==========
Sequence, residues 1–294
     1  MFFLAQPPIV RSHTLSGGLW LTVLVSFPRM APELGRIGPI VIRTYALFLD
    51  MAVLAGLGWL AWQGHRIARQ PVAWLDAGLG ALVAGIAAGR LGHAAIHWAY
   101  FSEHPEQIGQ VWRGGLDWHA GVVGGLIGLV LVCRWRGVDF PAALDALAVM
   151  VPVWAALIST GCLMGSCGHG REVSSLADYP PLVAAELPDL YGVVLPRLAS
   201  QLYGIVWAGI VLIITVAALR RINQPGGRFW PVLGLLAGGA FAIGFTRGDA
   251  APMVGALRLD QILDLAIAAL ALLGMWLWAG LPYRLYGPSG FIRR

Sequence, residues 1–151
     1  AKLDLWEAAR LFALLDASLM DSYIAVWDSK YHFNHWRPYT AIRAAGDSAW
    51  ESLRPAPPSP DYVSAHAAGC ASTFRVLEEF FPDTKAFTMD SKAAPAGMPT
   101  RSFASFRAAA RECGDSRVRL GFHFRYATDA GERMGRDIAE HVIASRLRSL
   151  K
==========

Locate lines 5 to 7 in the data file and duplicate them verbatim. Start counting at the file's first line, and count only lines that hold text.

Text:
   151  VPVWAALIST GCLMGSCGHG REVSSLADYP PLVAAELPDL YGVVLPRLAS
   201  QLYGIVWAGI VLIITVAALR RINQPGGRFW PVLGLLAGGA FAIGFTRGDA
   251  APMVGALRLD QILDLAIAAL ALLGMWLWAG LPYRLYGPSG FIRR